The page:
I’m going to confession this week with my favorite priest, and am going to see if he can direct me to a spiritual director, but I just remembered this sin(s) from my past, and they are very embarrassing and humiliating, and I don’t want my priest to get a bad impression from me, because I know that he will with these sins. Can I not say those sins? At the time that I committed those sins, I didn’t know what mortal or venial was, and I don’t even think I knew what sinning was, nor did I care for God, and now I’m deeply sorry and embarrassed, but could I not say those sins and just mention them to another priest at a later time? What should I do?
Oh to add on, I always confess behind the screen, but this time I wanted to confess INFRONT of him, since I was going to ask him about spritual direction, and so he could know who I am, and not just my voice.
You are confessing to Jesus, through the priest. In the end it doesn’t matter what the priest thinks of you. We are put on this earth to love, honor and serve Jesus not the priest. Jesus is the one that forgives you.If you confess face to face and the priest thinks bad of you as you are imagining, well I really don’t think he is the person you want being your spiritual director. That would really be a slap in the face if you went to confession, and had Jesus forgave you but then the priest judges you and holds it against you… It may happen in some cases, but it certainly isn’t right.
Confession and mercy are for sinners, not the perfect people… I’d say go, confess all sins and see what happens. You’ll probably be pleasantly surprised how the priest reacts… I’m sure they “heard it all.”
You don’t have to confess forgotten sins. But if you really feel like doing it you say that you’re confessing sins from a past life. That’ll tip him off to be on ignore while you rattle them off.
Priests go to jails and prisons and hear confessions from gang members, rapists and murderers on a regular basis. Do you really think that any of your mundane sins are going to shock a priest?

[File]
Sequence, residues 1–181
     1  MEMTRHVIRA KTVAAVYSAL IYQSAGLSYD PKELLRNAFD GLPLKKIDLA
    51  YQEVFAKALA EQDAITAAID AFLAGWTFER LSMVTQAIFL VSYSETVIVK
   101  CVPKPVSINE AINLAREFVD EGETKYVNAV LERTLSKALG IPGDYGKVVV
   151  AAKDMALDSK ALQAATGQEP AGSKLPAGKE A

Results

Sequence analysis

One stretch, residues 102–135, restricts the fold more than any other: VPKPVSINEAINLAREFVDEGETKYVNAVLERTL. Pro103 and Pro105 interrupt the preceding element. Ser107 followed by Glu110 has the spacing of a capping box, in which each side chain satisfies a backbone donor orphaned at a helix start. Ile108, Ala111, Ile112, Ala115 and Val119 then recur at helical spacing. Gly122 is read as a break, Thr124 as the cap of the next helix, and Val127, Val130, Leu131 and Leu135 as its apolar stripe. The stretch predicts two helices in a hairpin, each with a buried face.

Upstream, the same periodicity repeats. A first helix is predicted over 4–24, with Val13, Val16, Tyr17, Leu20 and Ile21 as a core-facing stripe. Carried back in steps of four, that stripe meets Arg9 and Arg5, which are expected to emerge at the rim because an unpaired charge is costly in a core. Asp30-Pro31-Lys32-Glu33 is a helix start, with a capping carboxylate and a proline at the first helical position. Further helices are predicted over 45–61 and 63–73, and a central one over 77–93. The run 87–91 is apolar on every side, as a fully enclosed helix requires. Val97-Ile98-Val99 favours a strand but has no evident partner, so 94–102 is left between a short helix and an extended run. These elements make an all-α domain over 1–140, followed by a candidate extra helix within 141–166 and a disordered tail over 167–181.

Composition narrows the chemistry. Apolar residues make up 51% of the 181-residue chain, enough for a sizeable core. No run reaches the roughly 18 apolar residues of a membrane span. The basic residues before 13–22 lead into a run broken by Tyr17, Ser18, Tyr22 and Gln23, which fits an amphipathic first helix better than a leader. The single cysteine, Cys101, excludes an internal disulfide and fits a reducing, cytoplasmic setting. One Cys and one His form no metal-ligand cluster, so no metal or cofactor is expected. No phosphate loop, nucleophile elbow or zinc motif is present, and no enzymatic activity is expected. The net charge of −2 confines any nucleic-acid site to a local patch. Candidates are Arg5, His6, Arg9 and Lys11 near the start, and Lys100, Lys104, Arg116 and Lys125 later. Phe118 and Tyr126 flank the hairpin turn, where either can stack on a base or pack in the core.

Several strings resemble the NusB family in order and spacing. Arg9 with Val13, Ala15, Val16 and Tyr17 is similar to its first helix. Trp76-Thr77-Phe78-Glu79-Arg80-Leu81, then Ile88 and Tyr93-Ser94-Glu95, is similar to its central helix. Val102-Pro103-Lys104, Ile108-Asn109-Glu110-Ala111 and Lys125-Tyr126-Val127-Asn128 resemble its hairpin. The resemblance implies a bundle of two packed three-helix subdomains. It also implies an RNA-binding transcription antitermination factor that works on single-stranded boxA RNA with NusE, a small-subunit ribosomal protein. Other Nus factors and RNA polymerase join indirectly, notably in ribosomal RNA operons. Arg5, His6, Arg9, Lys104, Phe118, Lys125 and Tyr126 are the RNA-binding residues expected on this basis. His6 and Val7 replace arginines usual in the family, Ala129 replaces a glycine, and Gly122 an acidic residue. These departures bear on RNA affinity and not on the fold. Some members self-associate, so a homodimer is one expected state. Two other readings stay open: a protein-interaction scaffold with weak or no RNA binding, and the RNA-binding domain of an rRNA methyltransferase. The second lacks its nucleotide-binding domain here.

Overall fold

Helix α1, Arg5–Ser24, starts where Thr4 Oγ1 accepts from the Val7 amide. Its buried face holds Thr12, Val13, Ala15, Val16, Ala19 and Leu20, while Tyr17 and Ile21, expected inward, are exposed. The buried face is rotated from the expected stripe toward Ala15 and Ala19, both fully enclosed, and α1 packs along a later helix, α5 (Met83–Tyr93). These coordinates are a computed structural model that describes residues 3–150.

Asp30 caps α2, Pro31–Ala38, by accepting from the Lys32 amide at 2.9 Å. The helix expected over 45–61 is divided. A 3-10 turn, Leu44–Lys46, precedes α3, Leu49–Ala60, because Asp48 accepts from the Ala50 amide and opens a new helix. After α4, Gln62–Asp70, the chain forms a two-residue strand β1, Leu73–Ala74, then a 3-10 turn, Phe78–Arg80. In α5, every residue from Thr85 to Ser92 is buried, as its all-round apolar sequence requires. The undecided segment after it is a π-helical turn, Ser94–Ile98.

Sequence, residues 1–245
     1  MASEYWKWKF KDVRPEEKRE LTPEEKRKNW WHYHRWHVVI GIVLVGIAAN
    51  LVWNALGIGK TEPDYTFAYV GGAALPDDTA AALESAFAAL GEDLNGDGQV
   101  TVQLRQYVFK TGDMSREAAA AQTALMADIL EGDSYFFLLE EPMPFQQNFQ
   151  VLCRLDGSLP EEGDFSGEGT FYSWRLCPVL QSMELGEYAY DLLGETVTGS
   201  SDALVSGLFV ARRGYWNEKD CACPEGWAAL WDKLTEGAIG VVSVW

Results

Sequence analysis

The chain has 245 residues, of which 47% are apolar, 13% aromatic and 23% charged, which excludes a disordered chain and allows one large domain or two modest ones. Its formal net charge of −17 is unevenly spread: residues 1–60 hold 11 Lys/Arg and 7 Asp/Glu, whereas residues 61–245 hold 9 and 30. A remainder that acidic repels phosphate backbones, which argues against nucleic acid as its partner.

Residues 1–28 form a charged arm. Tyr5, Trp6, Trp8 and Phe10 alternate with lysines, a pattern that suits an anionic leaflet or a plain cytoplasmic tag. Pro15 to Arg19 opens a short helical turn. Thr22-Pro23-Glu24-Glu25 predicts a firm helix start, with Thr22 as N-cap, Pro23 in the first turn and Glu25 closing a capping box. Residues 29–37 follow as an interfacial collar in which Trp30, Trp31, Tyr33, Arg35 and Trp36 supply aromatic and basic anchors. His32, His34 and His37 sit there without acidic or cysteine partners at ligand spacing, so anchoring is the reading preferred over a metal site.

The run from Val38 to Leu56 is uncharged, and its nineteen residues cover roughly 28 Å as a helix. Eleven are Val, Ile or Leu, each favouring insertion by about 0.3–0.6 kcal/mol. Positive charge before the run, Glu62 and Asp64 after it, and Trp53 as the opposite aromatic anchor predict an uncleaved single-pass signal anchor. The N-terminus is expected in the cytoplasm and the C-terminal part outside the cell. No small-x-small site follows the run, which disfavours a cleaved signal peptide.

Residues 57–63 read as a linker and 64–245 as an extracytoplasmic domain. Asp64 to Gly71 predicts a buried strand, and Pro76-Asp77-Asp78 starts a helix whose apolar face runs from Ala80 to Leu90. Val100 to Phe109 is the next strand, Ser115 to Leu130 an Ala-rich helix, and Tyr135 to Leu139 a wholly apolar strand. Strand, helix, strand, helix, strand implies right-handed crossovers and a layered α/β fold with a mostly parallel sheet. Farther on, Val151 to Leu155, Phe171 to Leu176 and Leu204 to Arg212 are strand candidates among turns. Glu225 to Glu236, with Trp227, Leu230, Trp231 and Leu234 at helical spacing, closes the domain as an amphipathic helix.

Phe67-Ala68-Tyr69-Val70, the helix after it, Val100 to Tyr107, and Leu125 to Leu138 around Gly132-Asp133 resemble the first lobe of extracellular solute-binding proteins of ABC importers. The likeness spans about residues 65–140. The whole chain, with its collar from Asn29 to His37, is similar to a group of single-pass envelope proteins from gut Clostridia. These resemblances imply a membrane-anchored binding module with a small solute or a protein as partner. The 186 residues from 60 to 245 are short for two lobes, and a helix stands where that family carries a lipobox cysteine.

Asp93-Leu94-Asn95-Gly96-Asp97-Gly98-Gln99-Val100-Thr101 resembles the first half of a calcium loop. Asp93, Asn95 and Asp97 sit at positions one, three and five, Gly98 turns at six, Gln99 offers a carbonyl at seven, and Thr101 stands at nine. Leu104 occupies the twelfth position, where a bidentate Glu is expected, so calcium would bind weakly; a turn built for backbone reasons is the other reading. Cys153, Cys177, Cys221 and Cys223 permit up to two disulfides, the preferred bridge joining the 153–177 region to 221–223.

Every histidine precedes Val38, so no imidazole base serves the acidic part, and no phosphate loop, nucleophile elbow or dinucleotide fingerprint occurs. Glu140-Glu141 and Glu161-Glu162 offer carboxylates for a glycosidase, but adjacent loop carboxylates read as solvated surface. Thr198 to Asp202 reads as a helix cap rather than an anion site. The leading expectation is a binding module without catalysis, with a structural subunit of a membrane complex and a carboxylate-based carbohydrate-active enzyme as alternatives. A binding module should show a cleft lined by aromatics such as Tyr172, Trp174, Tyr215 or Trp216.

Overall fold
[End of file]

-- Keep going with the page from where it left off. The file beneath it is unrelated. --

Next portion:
If you are personal friends with a priest and don’t want him to know your sins, you completely and totally have the right in the eyes of the Church to go to someone else before you see him and give your Confession to him so you don’t have to repeat them to you friend.
Also, I am sure that your priest will help you find a spiritual director without hearing your confession, and will completely get it if you say, “I don’t really want to make a Confession today, but I wanted to talk about finding a spiritual director.”
Frankly your whole post is bad advice for the OP.
If a forgotten sin becomes remembered it does have to be mentioned at Confession even though it has been forgiven.
As for your final sentence about the priest I’m speechless.
One is obliged to confess forgotten mortal sins.
(if they are remembered that is …obviously if one never remembers the sin but intended to confess all their mortal sins and were contrite…one cannot confess something never remembered).
Do not be embarrassed, priests have heard it all. Sinners like myself have long since “broken them in” for you! :o Yes, you should confess the sin if it had the possibility of being mortal (contained grave matter.) Once it is confessed, you will be free from it forever. Don’t miss out on this precious opportunity of freedom from sin and its guilt! If it embarrasses you too much to confess this sin to a priest you know, then go to another parish and confess this sin to a priest you don’t know. Do not fret anymore about this. Go, boldly confess your sins, receive God’s love and forgiveness, be thankful and sin no more!
If they were not mortal sins then one is not obliged to confess them.
If they are doubtful (ie you doubt that they were mortal at the time) - one is not obliged to confess them. The Priest can direct one.
(with some things one does not need to know the term “mortal sin” to know it is a very serious thing - such as murder …the point being one does not have to know all the theology to commit a mortal sin - but of course one does need the three aspects…but that is an aside here).